In Israel, concern about illegal immigration has mostly been driven by nationalism. "In the past 100 years, the Jewish people has built here a Jewish state. Within 10 years, infiltrators could cause this to go down the drain," declares Yaakov Katz, a politician with the right-wing National Union party and chairman of the Knesset's Committee on Foreign Workers.
Prime Minister Benjamin Netanyahu put it slightly more delicately last year when announcing steps to curb illegal immigration. "There is broad agreement that we need to protect the state of Israel and its future as a Jewish and democratic state," he said, referring to the fear that the growing presence of African immigrants poses a threat to the Jewish majority in Israel.
There is a strong lobby that opposes Mr Netanyahu and Mr Katz's logic, saying that as a state of many former refugees, Israel has a special responsibility to care for asylum-seekers.
But while both sides of the argument have focussed on the national picture and on political ideology, public discourse is now shifting towards the local and
revolving around social class.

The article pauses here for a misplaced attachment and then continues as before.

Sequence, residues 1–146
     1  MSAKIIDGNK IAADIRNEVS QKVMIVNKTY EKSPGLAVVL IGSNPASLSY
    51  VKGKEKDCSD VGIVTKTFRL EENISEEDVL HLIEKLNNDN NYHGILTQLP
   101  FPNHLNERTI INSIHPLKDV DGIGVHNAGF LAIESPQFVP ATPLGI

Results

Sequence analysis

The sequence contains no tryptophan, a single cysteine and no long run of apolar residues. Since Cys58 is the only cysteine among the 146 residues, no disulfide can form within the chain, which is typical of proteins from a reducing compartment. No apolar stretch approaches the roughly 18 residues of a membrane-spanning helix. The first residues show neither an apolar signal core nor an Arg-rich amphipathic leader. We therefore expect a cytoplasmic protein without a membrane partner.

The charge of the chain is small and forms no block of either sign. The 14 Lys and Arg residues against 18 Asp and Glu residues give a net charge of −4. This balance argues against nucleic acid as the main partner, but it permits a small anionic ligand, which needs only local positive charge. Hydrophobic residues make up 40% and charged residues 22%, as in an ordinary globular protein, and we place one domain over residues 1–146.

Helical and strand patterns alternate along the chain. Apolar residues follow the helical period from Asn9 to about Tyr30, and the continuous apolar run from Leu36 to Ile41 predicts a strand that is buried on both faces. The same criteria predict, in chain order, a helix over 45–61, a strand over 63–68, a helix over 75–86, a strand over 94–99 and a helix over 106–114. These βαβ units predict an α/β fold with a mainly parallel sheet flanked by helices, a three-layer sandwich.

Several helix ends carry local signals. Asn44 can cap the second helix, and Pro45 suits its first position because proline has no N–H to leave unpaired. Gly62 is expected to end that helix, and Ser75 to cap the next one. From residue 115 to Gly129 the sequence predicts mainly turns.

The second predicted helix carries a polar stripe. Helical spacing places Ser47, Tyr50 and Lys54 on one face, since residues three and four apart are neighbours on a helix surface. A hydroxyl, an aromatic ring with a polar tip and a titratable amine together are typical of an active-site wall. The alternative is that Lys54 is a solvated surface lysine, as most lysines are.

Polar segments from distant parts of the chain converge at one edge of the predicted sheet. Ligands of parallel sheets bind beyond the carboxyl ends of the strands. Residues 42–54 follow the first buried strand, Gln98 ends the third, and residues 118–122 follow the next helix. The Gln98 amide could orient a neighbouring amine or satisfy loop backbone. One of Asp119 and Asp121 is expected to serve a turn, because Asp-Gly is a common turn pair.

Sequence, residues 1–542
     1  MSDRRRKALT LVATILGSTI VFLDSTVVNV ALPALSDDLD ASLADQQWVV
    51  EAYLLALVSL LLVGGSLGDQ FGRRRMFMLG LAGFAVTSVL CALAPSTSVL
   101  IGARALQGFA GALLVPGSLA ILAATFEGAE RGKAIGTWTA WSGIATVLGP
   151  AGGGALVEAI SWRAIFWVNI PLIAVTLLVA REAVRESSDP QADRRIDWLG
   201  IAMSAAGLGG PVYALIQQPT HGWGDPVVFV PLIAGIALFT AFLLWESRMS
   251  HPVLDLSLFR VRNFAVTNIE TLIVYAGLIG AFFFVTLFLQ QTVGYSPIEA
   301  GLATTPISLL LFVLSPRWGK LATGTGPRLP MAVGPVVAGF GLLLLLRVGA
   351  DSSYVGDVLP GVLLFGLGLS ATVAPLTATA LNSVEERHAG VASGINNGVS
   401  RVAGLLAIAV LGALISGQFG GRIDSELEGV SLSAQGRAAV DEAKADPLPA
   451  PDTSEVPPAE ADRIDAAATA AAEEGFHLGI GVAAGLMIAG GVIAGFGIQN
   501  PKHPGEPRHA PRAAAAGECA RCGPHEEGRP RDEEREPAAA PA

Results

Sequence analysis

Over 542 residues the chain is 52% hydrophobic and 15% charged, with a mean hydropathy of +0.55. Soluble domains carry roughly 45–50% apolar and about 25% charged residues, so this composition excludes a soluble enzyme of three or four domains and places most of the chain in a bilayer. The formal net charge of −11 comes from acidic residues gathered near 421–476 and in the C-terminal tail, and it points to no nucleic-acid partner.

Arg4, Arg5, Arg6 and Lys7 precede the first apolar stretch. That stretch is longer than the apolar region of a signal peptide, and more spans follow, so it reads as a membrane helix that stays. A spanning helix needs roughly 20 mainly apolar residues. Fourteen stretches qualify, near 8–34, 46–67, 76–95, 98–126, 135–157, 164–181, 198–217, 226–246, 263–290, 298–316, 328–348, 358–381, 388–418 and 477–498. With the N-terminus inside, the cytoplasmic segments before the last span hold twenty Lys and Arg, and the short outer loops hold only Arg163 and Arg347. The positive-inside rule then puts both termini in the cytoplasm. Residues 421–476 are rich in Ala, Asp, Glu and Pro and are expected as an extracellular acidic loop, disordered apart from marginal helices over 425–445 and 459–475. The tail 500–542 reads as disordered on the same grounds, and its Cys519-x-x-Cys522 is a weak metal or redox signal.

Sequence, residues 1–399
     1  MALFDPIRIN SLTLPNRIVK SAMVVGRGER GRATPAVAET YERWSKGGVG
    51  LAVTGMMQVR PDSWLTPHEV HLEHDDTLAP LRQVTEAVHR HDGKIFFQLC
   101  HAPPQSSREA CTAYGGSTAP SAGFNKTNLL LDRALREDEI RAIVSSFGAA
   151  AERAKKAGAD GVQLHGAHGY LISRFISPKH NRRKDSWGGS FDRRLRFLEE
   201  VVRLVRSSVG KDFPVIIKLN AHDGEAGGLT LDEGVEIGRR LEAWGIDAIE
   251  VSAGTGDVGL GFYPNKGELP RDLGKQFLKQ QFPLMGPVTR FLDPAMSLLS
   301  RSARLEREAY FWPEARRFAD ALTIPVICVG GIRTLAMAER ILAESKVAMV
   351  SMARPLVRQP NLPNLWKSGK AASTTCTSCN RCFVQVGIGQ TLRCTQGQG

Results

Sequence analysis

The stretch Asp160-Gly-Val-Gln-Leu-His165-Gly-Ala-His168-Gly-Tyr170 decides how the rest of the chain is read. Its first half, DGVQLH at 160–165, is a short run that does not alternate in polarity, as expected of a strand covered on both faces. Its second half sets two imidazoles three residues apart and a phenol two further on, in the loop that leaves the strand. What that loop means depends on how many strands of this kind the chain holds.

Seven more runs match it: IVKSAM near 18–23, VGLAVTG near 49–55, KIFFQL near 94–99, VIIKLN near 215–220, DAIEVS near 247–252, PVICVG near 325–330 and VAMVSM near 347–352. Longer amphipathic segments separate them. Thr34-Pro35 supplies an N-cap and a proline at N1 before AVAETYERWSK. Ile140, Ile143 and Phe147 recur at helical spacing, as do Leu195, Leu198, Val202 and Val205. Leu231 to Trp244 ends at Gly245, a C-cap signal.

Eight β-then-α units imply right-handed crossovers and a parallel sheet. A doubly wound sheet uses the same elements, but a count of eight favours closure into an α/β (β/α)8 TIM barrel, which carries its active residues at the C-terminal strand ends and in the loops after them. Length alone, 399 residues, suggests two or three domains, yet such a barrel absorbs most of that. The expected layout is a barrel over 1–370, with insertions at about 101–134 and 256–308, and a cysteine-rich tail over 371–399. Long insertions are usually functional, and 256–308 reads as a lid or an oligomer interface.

In late January more than 100 people gathered outside the notoriously smart Tel Aviv home of Defence Minister Ehud Barak, protesting against what they see as his inadequate action to stop the influx. But more significant than the fact they were standing there was their traversing of the city's north-south divide to get there.
They were residents of the depressed Hatikva neighbourhood in southern Tel Aviv, travelling to the city's smart northern district. Of the 35,000 illegal immigrants who have arrived in Israel since 2005 most have headed to Tel Aviv, and they have concentrated themselves in Hatikva, living in flats bought up by quick-buck landlords who have divided them up into small sections.
The protesters were pointedly going to the area where Israel's political elite tends to live with an accusation that it cares little if Hatikva, traditionally a Jewish working class area, changes and goes what they consider downhill, while it would be a different matter if the illegal immigrants were moving in next door to Mr Barak and his ilk.
The political significance of this fresh focus in the immigration debate cannot be overstated. The claim of being a marginalised locale which is ignored by the elite was precisely what put the need for the defence of Sderot on the national agenda. The nationalistic objection to illegal immigration seems, to many Israelis, too long-term to be relevant and tinged with racism. Hatikva's protesters - perhaps also driven by prejudice - prove that there are other powerful forces at work.